Wednesday, May 03, 2006


Rest in peace. Some thoughts on his work.

An early advocate of Keynesian ideas he lived long enough to know Keynes personally and see his ideas debunked by both the Chicago School and the Stagflation of the 1970s. Galbraith had confidently predicted in testimony before a 1956 Congressional committee that another Great Depression was inevitable. His ideas, despite their wide acclaim in liberal circles as challenging and original, were largely derivative of the early 20th century economist Thorstein Veblen. A professor at the University of Chicago, when the school was known for its statist inclinations, Veblen coined the phrase "conspicuous consumption" and argued that the emphasis placed on the accumulation of great private wealth by the free market harmed society in general by depriving the public sector of needed resources, an idea echoed in Galbraithline about 1950s America having "private splendor next to public squalor."



R.S. Porter said...

It's a shame he was associated with Canada.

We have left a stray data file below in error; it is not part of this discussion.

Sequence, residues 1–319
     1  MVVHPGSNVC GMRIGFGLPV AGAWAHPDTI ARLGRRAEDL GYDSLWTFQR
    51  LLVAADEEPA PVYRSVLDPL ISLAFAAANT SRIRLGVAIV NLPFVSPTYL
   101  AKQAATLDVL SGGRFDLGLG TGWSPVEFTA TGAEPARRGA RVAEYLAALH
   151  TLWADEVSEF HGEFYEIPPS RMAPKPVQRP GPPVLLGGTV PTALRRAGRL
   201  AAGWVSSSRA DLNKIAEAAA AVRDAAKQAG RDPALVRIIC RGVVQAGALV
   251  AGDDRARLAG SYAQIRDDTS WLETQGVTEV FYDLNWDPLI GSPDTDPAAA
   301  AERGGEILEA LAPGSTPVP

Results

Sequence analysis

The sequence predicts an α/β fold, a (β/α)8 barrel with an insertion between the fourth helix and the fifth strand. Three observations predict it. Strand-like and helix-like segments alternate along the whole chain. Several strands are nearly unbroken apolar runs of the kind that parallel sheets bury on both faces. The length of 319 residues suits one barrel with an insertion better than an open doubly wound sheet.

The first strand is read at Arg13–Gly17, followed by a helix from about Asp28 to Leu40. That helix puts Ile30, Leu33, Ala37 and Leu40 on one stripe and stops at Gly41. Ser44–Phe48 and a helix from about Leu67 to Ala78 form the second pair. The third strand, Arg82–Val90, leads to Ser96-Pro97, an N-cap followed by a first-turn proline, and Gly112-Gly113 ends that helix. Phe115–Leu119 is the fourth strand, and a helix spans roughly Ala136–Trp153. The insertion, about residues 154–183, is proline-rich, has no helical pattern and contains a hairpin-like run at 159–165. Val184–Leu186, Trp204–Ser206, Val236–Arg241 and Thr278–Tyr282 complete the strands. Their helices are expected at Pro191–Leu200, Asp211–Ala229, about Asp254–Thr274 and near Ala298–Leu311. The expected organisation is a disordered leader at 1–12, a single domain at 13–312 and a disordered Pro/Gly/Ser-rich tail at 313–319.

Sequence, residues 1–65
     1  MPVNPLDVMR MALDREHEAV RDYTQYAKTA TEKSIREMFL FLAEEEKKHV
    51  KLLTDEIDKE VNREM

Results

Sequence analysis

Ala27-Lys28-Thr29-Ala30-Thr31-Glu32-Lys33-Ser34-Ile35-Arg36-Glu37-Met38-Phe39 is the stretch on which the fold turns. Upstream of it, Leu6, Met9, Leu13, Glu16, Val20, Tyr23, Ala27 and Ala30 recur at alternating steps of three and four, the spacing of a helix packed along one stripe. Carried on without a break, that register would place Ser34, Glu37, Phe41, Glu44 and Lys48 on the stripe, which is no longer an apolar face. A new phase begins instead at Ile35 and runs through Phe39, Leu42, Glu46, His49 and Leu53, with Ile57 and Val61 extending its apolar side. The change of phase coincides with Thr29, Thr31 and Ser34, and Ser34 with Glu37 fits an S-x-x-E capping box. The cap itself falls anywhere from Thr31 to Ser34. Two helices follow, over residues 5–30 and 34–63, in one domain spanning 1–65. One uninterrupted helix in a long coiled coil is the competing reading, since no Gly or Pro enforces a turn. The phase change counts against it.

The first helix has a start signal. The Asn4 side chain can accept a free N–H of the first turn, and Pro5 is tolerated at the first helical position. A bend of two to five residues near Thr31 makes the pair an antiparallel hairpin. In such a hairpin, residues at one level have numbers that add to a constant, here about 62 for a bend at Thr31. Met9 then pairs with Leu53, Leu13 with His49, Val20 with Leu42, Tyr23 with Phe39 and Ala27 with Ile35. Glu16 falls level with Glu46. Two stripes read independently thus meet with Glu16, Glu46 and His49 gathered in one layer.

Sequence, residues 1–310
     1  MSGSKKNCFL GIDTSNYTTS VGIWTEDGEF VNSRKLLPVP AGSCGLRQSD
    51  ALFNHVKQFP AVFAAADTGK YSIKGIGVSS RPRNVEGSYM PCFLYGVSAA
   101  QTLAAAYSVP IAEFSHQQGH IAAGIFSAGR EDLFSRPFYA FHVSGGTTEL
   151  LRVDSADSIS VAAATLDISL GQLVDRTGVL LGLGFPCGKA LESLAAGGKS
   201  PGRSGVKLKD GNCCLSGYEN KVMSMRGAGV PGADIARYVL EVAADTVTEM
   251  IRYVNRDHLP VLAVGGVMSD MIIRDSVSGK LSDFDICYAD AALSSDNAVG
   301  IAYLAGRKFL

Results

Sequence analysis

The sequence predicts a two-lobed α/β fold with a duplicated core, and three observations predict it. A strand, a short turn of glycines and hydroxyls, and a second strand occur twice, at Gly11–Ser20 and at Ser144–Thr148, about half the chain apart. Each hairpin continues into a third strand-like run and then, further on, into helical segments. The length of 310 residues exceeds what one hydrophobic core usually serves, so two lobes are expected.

Zeker said...

In between this post and the one above was a post that minimized the atrocities of the nazis - where did it go David?

R.S. Porter said...

Well I'd assume it was removed because people whined about it not being directly related to taxes.

Yet, you obviously didn't even read the post if you thought it " minimized the atrocities of the nazis".

Zeker said...

hey david, (I mean r.s. porter) do you agree or disagree with the statements you "referenced for interest"?

R.S. Porter said...


Are you trying to imply David and myself are the same?

And what was "referenced for interest"?

David MacLean said...

Zeker: Take a capture of this. We reserve the right to delete any all comments we feel are innapropriate. Stick to the topic.

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